Ankara levelled a fresh threat on Sunday to whichever company dares to operate in the Exclusive Economic Zone of the Republic of Cyprus. Ankara’s argument? Maintaining stability in the Eastern Mediterranean region.
But how is it possible for the presence and activity of any energy company being a threat to security in the Eastern Mediterranean, while the upkeep of a “warring” climate in the region – despite the interventions of “neutral” parties such as the US or the EU – doesn’t constitution one?
The ratification of an agreement between Israel, Egypt and Cyprus signed in December appears to be triggering tension instead of practically being a guarantee of securing stability in the Eastern Mediterranean. The region appears to be rich in reserves of gas and oil, and so far only part of the wealth hidden in there has been revealed.
According to Turkish Foreign Ministry spokesman Hami Aksoy, the drilling carried out by US firm Exxon Mobil in the Eastern Mediterranean with the permission of the Cypriot government, does not contribute to maintaining regional stability, but rather “causes disruption and destabilizes fragile balances”.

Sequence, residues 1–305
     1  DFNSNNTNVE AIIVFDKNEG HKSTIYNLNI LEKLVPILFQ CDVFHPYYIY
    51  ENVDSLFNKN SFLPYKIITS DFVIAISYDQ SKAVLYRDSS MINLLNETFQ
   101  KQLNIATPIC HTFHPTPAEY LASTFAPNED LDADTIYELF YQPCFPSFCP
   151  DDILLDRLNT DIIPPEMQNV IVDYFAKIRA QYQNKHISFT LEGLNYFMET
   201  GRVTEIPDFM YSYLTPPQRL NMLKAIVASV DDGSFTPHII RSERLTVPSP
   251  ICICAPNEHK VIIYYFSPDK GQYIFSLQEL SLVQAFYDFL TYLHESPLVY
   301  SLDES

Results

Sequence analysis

“We are renewing our warnings to all companies that cooperate with the unilateral decision of the Greek Cypriot side to conduct and drilling. We remind that the allocation of Cypriot resources is at the core of resolving the Cyprus issue”, Hami Aksoy noted.
“We are expanding our activity beyond our continental shelf in areas where the “Turkish Republic of Northern Cyprus” has licensed Turkey’s state-owned hydrocarbon company, Türkiye Petrolleri Anonim Ortaklığı,” he added.
Ankara argues that tension is stoked by the stance of Athens and Nicosia.
Anyhow, if, due to increasing tensions, the companies that are currently searching for the next major natural gas reserve in the eastern Mediterranean abandon the region and activity off Cyprus immediately ceases, Europe will miss out on an opportunity to secure one more alternative source of energy supply for the European market.
Ankara should feel “lucky”; or perhaps not only Ankara?/IBNA